Despite the fact that Alcoholics Anonymous and other 12-step groups are currently the leading approach to addiction recovery in the U.S., there are several alternative approaches that many have attributed to their recovery success. SMART (Self-Management and Recovery Training) Recovery is one of the biggest players in the non-step recovery field and has marketed itself as an alternative to AA since 1994.
Unlike AA, SMART Recovery is a secular organization that is focused more on science rather than spirituality. Using an adaptation of a number of therapies, including Cognitive Therapy (CBT), Motivational Enhancement Therapy (MET) and Rational Emotive Therapy (REBT), the program’s core principle is that both addiction and recovery are a choice. This principle gives the individual full control over their actions and they can decide for themselves if they have a problem with any form of compulsive behavior.
SMART Recovery is a support group and has now grown into an internationally recognized organization with more than 800 meetings worldwide. It emphasizes self-determination and finds labels such as “alcoholics” or “addicts” as detrimental.
The 4-Point Program
The main structure of the SMART program is based on the following four principles:
- Building and maintaining motivation: Enhancing and maintaining motivation to abstain from addictive behavior.
- Coping with urges: Learning how to cope with urges and cravings.
- Managing thoughts, feelings and behaviors: Using rational ways to manage thoughts, feelings and behaviors.
- Living a balanced life: Balancing short-term and long-term pleasures and satisfactions in life.
Throughout SMART literature and meetings, these four principles are examined as participants are taught skills for dealing with each. Early in recovery, the first two principles are seen as most relevant. However, later, the program shifts more focus on the latter two.
SMART also incorporates several exercises as part of the program. These exercises or “tools,” as it’s often referred to in the program, use practical guidance as a way of assisting people in achieving their goal of abstinence. Usually, these tools are used through worksheets that facilitators give participants to take away and file. They are meant to help keep the individual on track when times are difficult outside of meetings.
The following are a few examples:
Cost Benefit Analysis worksheet: This worksheet prompts individuals to weigh the costs and benefits of staying the way they are (i.e. still drinking/using) as opposed to making changes (becoming abstinent). Pros and cons of each course of action are listed, and the usual outcome is that it is more beneficial in the long run to change self-defeating behaviors.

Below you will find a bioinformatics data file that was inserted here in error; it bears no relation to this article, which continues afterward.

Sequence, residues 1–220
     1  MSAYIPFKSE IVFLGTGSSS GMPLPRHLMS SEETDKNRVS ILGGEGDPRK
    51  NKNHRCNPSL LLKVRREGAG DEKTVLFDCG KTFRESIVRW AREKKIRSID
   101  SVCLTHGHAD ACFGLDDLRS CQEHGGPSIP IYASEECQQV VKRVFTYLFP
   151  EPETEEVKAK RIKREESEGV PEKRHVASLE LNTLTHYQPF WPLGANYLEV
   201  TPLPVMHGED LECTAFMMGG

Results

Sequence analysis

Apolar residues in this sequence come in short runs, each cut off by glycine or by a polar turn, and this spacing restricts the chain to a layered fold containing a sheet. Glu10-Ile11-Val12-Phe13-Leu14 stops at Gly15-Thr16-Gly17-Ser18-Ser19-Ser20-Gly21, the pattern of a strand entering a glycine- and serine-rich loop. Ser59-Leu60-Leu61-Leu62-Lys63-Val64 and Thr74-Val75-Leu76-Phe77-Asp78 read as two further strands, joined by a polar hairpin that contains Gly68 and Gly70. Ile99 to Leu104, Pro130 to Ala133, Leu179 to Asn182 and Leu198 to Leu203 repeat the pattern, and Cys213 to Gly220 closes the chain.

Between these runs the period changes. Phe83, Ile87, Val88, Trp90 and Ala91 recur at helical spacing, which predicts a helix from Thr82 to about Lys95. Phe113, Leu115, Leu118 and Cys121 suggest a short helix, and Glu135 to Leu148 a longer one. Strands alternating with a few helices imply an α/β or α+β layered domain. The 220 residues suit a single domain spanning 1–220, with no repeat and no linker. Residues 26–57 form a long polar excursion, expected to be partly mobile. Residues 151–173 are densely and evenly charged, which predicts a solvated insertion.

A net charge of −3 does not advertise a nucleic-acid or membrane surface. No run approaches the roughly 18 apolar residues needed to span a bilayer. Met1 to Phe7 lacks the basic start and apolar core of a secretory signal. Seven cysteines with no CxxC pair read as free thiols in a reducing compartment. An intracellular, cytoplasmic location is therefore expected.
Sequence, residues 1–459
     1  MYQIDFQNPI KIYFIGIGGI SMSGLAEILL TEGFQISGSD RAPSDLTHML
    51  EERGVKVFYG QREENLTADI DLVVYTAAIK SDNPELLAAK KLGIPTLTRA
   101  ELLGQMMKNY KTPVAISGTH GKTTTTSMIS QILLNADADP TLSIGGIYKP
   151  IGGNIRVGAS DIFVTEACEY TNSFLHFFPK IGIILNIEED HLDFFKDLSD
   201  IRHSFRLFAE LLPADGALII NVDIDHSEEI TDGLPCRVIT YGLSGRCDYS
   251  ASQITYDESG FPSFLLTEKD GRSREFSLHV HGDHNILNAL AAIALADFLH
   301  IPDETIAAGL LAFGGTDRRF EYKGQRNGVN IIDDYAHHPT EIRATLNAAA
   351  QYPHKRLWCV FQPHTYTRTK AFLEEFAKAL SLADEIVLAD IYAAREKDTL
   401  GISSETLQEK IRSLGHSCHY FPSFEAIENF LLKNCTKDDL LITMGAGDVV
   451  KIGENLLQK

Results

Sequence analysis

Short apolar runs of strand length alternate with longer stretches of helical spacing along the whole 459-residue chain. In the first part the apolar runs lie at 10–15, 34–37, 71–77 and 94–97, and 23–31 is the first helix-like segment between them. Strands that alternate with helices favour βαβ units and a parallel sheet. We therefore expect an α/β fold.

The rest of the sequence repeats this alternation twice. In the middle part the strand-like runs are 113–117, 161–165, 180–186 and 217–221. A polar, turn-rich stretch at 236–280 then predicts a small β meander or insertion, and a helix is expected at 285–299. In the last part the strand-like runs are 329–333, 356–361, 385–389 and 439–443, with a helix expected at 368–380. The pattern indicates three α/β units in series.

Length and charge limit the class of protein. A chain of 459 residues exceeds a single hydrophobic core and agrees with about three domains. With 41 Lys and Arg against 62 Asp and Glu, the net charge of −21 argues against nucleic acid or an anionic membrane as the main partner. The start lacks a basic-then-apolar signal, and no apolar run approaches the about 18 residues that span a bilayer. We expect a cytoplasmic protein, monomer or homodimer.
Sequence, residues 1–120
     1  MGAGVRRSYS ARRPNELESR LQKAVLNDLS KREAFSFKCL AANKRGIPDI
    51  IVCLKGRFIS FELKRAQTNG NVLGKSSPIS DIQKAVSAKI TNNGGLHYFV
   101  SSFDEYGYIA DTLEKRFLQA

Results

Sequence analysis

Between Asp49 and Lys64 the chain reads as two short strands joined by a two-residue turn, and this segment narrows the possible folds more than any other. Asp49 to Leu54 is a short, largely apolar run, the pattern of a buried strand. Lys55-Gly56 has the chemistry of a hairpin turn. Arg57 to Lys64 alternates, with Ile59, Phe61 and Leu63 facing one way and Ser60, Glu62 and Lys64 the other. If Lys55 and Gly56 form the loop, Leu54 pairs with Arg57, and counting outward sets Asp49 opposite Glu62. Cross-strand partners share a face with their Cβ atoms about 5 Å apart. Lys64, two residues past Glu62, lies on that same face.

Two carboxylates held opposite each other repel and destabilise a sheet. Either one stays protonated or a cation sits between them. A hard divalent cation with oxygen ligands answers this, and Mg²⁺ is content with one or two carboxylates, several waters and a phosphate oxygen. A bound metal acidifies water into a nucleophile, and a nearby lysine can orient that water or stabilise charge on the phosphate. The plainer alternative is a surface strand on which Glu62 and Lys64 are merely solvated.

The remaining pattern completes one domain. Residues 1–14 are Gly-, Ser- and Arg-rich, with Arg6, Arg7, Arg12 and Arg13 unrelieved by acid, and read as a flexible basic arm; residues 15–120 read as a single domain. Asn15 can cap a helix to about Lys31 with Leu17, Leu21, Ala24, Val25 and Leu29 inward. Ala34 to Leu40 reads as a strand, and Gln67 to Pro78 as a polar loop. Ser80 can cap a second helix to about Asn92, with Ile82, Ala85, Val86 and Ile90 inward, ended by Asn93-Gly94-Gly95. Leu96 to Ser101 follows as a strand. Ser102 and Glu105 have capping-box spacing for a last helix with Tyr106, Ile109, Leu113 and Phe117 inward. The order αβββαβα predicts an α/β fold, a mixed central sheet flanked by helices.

Looking at irrational beliefs (IB’s): An irrational belief may be something like “I am too weak to stop drinking.” SMART tools will enable the individual to begin challenging this belief, looking at examples of when they have been strong, and applying this to the idea that they are too weak in order to try to change the belief.
Looking at triggers: SMART helps individuals look at trigger situations and gives tools to help them manage these triggers. Tools may take the form of distraction techniques, disputing your addictive voice and coping statements.
In a SMART meeting, one tool is often selected for the group to discuss and complete. In this sense, the group is helping each other to manage their recovery. Each participant will use their worksheet to write down key points from the discussion and they will then be able to take this tool away to add to their file for later use.
The Stages of Change
Another major tool that SMART utilizes is the “Stages of Change” model based on Dr. James Prochaska’ s popular book Changing for Good. The idea is that people who are undergoing change move through the following progressive stages:
- Pre-contemplation: At this point, the participant has not realized that he or she has a problem yet.
- Contemplation: The participant starts to weigh the advantages and disadvantages of their addiction.
- Determination/Preparation: The participant decides to pursue personal change.
- Action: The participant seeks out new ways of handling addiction, such as through support groups, professional guidance, etc.
- Maintenance: After a few months, the participant’s behavior has been changed and now seeks to stay on the same path.
- Relapse: Not inevitable, but if it occurs, it can be a learning experience.
- Termination: After a sustained long of period of change, they may choose to move on with their lives and “graduate” from SMART.
Throughout the process, people may stay in any stage for some time, even years. For instance, people in the beginning of their recovery may be in the “contemplation” or “determination/preparation” or “action” stage for a while. Those who attend SMART meetings with any length of abstinence are usually viewed as in the “maintenance” stage, working to maintain their recovery.
SMART Recovery is a real alternative for those looking for assistance in managing their addictive behavior. As such, it is an important resource for anyone who is in recovery or looking for help to stop drinking or drugging. With rationality and self-empowerment as its leading force, the program presents many useful techniques and is able to bring people together in support of each other’s recovery journey.